WP57 Historical bodies and historical space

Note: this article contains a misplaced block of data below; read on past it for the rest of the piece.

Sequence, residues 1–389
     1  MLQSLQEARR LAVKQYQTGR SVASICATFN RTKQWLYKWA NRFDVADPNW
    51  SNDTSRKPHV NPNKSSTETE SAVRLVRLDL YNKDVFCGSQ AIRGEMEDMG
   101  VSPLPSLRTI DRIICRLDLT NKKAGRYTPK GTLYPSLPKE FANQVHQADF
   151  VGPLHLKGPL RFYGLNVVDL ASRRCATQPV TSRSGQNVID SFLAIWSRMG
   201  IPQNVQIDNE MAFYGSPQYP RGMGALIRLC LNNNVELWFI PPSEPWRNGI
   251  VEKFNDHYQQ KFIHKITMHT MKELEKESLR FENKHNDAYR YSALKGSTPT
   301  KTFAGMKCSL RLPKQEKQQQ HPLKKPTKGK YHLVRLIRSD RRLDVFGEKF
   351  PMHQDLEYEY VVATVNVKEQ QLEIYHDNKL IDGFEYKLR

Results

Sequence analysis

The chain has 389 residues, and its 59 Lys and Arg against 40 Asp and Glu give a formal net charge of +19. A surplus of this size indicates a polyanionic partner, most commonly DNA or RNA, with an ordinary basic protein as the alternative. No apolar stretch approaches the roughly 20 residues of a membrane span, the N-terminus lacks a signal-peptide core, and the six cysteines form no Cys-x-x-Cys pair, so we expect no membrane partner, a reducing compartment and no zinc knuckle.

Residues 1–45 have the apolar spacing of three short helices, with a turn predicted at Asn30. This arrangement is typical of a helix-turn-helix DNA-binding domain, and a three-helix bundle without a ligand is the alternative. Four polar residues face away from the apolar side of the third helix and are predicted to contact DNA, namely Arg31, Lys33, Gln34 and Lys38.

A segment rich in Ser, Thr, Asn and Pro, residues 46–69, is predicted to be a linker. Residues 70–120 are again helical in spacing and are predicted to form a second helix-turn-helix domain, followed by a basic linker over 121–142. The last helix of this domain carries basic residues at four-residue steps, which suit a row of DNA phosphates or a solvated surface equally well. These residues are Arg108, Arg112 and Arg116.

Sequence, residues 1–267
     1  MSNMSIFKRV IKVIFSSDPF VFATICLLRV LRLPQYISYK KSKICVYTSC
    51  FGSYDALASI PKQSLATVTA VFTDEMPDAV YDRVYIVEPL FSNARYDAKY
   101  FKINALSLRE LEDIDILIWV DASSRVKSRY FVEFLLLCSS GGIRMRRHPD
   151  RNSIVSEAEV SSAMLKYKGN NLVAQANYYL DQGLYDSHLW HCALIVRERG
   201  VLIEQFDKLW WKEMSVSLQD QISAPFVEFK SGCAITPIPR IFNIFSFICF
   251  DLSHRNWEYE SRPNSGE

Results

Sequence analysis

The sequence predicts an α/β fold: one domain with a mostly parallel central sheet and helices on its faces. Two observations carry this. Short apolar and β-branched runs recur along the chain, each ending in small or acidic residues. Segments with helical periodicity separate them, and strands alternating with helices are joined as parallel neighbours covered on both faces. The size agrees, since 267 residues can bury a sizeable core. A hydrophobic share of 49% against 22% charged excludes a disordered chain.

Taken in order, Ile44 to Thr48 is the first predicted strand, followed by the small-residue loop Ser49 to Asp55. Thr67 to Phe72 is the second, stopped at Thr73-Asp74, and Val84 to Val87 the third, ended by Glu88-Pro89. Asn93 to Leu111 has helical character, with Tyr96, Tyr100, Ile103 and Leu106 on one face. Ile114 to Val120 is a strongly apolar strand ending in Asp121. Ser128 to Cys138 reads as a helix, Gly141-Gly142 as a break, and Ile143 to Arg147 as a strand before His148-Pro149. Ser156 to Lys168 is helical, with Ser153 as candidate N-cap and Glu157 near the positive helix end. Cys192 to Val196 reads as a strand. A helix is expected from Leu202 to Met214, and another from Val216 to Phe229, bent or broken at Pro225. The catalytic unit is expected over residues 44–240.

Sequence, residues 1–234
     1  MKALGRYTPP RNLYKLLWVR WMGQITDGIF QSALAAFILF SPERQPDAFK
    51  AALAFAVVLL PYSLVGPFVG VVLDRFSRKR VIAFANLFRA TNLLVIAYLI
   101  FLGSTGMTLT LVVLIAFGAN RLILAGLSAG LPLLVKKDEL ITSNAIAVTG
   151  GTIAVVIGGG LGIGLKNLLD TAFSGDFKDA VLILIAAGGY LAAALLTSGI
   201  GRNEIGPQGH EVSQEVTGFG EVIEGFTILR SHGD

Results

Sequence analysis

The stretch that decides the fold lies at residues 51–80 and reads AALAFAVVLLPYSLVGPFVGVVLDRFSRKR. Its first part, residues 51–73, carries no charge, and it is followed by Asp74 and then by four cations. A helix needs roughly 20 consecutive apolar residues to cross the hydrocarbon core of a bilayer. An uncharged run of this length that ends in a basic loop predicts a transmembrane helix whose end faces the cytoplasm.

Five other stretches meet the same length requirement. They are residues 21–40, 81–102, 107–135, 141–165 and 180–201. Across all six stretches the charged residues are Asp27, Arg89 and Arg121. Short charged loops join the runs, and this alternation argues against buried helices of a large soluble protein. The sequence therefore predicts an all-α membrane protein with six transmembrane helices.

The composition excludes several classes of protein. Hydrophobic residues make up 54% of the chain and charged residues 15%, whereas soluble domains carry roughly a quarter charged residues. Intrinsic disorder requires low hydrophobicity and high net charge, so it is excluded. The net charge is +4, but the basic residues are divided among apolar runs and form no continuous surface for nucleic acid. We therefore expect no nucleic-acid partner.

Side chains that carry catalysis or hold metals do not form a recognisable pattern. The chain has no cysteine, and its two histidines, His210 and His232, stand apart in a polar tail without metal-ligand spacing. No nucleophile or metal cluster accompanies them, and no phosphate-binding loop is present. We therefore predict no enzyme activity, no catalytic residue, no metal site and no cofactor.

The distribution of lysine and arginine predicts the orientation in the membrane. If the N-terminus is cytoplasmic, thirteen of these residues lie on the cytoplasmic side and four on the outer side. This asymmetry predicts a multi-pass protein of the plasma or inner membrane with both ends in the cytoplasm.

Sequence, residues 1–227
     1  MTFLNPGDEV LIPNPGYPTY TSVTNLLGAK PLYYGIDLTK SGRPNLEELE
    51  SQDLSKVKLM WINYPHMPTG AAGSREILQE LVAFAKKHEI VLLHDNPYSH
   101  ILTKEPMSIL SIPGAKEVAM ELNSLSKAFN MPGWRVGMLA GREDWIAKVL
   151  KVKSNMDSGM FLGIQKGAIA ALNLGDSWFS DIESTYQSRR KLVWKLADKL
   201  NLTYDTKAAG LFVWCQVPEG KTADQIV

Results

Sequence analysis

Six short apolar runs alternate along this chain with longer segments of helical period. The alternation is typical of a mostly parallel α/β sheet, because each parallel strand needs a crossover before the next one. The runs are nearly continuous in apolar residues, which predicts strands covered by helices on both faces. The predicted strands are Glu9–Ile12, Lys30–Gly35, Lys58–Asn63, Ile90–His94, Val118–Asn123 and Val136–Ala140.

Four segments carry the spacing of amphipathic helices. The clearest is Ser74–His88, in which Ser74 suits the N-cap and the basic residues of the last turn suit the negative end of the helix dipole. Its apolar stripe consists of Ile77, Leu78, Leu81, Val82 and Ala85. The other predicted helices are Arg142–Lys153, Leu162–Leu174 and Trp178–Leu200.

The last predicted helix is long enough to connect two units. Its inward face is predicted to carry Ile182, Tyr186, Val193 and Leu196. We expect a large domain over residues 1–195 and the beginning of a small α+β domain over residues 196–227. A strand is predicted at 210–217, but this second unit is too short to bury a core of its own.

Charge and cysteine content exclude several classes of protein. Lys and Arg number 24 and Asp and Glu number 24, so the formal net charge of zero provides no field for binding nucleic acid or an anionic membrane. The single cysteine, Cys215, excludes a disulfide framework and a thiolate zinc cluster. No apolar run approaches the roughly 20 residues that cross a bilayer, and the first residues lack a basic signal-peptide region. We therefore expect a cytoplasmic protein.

Theoretically sophisticated ethnography is rare, and it takes an effort to discover it, because sometimes it is found in work that does not announce or present itself as ?typical? ethnography (the fieldwork-based monograph is still the ?typical? ethnographic product). The work of Ron and Suzie Scollon is a case in point. Much of their major works do not look like ethnography. There are no lengthy introductions about the fieldwork which was conducted, for instance, and the main drive of their work is to contribute to semiotics and discourse analysis. Yet, they systematically insisted on the ethnographic basis of their work (e.g. Scollon & Scollon 2009). And this paper will argue that their work contains very useful, even momentous, interventions in ethnographic theory and method. If we talk about sophisticated ethnography, the work of the Scollons certainly qualifies for inclusion into that category. I will focus in particular on two efforts by the Scollons: Nexus Analysis (2004) and Discourses in Place (2003); I will try to show that both works contain and articulate a theoretical overture towards history ? an overture I find of major importance for ethnographic theory and method. The works do that, respectively, by means of a theorization of embodiment in the notion of ?the historical body?, and by a theorization of space as agentive and non-neutral. Taken together, these two interventions offer us a key ingredient necessary for transcending the danger of localism and anecdotism in ethnography, by allowing ethnography to move from the uniquely situated events it describes to structural and systemic regularities in interpretation. This has implications for ethnography, to be sure, but also for a broader field of studies of human conduct, including linguistics and sociolinguistics.